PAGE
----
In this first patch, write 500 words that address the following topic:
What/who is a child?
Also think about:
what is a child's place in a human ecological system?
How do children participate in everyday culture
You must link your writing to at least 3 academic references that help to support your points and signpost the sources of your thinking.
Patch 2: Images of Childhood(s)
For this task, you will carefully select 2 images (photographs or artistic renderings) that depict young children in ordinary activities. These images should be ones that make you think about how young people (birth to age 8) experience their early life as a member of a society and a culture, and also how society and culture have expectations about children’s early lives. The images should not be extraordinary nor exotic (they should not be of child soldiers or beauty pageants), they should depict ordinary life activities such as family life, playing at home, in the neighbourhood, or at school. They could be images of children on special occasions, such as birthdays, holy days, or holidays if you’d like, so long as these activities would be considered fairly ordinary within the society and culture that the child is a part of. You will want to select images that give you something to talk about and think about. You will want to select images that depict the setting in which the image was rendered.
One of the images should be one that you can comment on from an ‘insider’ perspective with regard to culture (an image that represents the culture you identify with). The other image should be one that you will not be as familiar with – so that you can ‘read’ and comment on the photo from an ‘outsider’ perspective. It will be very good of you to work with a peer from your seminar group, someone who has a different ‘cultural’ background than you. With each other’s permission, you could share photographs, talking with each other about how culture is represented in each of the photos. For your submission you might use your peers photo for the ‘outsider’ perspective (with their permission).
For the patch that you submit, you will use these images to discuss the intersection of children within culture, and as a prompt to write about how culture constructs and understanding of children and culture. Bring these images and your draft writing to the seminar next week. It is essential that you do this, for the seminar is devoted to sharing writing and providing feedback.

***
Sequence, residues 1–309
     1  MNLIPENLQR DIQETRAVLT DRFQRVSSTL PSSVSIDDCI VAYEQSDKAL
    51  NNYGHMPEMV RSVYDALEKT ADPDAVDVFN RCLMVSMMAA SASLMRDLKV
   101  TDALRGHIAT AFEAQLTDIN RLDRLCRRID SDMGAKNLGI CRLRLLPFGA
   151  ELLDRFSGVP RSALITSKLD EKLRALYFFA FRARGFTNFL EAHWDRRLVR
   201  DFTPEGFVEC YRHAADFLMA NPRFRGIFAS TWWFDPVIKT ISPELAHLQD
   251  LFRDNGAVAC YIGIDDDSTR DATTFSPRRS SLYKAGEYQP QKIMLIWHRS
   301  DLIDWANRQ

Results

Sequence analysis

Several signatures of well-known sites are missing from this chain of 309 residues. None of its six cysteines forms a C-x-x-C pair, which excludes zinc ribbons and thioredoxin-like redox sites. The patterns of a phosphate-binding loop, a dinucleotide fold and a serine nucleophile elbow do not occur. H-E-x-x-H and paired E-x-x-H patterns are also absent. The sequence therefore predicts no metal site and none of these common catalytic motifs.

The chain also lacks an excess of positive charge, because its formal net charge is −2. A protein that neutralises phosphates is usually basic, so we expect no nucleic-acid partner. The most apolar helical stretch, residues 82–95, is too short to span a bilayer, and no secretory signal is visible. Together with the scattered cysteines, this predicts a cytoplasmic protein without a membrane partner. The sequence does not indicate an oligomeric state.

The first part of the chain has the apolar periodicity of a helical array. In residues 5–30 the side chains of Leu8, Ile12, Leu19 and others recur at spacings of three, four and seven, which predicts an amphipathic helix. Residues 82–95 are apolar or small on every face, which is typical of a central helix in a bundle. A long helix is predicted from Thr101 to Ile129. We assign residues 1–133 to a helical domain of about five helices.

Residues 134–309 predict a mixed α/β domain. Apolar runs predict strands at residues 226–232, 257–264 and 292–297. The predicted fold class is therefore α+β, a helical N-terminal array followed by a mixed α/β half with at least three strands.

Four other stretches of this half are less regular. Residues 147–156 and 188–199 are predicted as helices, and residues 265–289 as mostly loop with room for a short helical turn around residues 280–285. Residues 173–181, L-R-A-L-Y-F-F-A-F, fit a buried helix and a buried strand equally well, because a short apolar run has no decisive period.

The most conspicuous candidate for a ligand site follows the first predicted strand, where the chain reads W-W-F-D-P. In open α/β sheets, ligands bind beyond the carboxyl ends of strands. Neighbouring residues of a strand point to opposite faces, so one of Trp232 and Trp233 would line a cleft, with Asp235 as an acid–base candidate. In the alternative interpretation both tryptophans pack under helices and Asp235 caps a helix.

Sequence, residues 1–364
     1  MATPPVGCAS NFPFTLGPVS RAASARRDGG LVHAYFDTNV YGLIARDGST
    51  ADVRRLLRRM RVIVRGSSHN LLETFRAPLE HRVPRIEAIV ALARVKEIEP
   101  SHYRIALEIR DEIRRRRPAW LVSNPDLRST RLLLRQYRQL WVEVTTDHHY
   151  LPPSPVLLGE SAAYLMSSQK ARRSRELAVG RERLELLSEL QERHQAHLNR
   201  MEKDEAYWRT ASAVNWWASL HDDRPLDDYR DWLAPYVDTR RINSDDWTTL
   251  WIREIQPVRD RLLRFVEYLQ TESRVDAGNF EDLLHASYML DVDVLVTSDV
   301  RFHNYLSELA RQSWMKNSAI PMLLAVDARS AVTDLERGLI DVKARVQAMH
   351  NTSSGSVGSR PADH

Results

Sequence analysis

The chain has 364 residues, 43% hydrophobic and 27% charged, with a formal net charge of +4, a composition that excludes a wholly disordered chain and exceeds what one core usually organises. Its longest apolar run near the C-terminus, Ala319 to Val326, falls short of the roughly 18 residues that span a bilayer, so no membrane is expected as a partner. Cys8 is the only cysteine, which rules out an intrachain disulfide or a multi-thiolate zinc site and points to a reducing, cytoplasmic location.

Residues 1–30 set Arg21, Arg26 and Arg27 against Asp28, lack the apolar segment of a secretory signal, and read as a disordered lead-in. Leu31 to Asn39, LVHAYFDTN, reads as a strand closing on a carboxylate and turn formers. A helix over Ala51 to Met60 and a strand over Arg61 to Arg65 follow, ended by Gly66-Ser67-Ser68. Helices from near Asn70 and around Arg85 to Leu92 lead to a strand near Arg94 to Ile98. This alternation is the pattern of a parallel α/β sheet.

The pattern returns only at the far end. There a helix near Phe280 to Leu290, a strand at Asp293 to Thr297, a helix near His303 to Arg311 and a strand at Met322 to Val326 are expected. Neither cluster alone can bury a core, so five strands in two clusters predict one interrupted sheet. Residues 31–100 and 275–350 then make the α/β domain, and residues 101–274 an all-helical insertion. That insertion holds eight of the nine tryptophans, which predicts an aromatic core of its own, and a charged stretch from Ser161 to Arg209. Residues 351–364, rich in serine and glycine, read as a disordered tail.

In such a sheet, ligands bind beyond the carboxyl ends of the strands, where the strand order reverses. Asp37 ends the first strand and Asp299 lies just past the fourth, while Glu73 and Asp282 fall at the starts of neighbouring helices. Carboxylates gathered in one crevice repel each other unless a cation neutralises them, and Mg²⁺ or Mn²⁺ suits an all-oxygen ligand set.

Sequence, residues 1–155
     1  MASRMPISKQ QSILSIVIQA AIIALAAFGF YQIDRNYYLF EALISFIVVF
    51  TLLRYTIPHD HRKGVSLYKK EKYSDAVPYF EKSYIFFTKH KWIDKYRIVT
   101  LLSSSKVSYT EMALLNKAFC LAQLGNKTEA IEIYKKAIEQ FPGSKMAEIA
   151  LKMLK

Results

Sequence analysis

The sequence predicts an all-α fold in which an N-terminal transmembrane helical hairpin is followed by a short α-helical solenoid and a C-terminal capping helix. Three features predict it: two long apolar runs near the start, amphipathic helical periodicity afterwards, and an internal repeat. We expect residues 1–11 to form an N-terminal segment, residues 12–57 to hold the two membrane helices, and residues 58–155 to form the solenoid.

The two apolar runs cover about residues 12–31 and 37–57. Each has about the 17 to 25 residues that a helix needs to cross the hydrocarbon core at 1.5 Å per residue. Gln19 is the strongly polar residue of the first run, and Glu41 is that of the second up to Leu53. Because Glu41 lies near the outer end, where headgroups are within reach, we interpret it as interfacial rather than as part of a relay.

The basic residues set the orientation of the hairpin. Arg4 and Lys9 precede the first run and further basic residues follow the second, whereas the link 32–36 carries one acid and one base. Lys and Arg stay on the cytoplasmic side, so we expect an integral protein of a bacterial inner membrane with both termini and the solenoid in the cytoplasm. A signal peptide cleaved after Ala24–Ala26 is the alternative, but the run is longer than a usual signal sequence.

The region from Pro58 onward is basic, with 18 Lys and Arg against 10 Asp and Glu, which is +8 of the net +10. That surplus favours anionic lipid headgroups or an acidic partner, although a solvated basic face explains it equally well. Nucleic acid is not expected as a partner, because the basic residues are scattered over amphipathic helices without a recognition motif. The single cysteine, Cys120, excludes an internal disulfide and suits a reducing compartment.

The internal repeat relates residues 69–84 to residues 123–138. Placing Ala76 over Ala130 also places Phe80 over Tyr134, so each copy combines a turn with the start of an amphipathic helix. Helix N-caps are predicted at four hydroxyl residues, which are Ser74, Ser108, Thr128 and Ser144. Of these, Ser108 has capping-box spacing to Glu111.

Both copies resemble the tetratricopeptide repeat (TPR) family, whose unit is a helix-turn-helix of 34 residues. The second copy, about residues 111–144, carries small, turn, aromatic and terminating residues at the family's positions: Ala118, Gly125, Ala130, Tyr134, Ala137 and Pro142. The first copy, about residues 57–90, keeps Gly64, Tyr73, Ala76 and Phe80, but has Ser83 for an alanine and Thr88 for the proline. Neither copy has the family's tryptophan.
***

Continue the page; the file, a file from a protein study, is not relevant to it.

The ‘Ecology’ of the young child in culture
Childhood is primarily defined as the definitive period from the date of birth to that of the age of seven or eight. It is the period when a child can be categorized under the phase and boundary of small children with characteristics like- complete immaturity, fully dependent quality, ignorant towards the social norms and inherently good with innocence. During this period, the relationship between the adult and child as well as the interaction pattern point towards- indulgence, unquestioned obedience along with expectations of deference (Guralnick, 2001). Therefore, when it comes to childhood, a constructive way of the development of children on the viewpoint of culture that influences their perspectives towards the society as it is obvious that they don’t have a voice with strongly contested standpoints but in the future, their lives will be shaped by these cultural perspectives and it will determine their mindsets (Nader et al., 2006).
The place of a child in the human ecological system
The very famous Bronfenbrenner’s theory of child development highlights an innovative concept which reconciles the numerous environmental systems present in the society that have possible impacts on the child development. Urie Bronfenbrenner is a Russian American psychologist, according to whom child development is affected by the surrounding environment which includes the different cultures of a society. The relationship among the children, the society, the teachers and the families is everything that has impact on the development of children as per the study of Oswalt. The theory of ecological systems can be divided into multiple levels as micro system, mesosystem, macro system, chronosystem and exosystem (Brooker & Woodhead, 2010). A child is more close to his parents as well as his family which defines the micro system of the ecology in line with the study of Sincero and it establishes the mental and physical development of children that includes a child’s relationship with teachers, neighbors, friends and families. Doll-Yogerst in 2011 stated that ecological systems model helps in recognizing the child’s development which is mainly affected by the surroundings related to the everyday activities during which a child spends most of its day (Doll-Yogerst, 2011). For instance, parents of a child greatly affect its behavior as well as beliefs and in the same way the child also has impact on the behavior and belief of the parents. Apart from all of these, other elements of a society, like- peers, preschool, child care center and kindergarten have also impact on the development of children which has been illustrated in the study of Doll-Yogerst.
Participation of children in everyday culture
Source: (Reilly et al., 2005)